[Ed. – Well, OK. Good luck with that. They may get prices up a little, but these days, that will mainly put money in American producers’ pockets. U.S. production will continue to set a cap on how high prices can go.]
Saudi Arabia is maneuvering to push oil prices up to at least $80 a barrel this year, shifting away for now from its long-time role as a stabilizing force in global energy markets.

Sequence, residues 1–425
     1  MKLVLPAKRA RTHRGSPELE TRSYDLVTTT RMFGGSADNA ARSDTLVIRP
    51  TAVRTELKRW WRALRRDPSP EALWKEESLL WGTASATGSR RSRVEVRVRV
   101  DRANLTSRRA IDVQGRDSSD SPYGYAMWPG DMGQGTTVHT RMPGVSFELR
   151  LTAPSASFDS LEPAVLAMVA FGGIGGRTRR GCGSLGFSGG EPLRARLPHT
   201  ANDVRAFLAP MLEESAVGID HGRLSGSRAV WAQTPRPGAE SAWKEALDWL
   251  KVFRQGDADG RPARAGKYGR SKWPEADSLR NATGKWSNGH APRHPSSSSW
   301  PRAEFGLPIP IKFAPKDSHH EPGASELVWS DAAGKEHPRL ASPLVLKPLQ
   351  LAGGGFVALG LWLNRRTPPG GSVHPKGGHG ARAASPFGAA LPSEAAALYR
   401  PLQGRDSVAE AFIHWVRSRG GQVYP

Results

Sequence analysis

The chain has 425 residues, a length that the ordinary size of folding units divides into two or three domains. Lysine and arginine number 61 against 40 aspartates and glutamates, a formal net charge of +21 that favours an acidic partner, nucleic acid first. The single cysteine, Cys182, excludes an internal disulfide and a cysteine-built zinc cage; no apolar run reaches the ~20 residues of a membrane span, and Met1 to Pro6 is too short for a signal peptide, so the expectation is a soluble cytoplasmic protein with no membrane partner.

Crown Prince Mohammed bin Salman, the country’s day-to-day ruler, is behind the move, aimed at raising revenue as his government seeks to carry out a wide-ranging economic overhaul, senior Saudi officials said.
The Saudis already have helped drive oil prices up nearly 50% in the past year—to nearly $74 a barrel on Friday for Brent crude—by engineering a large output cut with the Organization of the Petroleum Exporting Countries and Russia.
By aiming to force prices even higher, Prince Mohammed is stepping away from a compact that has defined the kingdom’s foreign relations for decades—offering stability in oil prices in exchange for security assistance from the U.S. and other big energy consumers.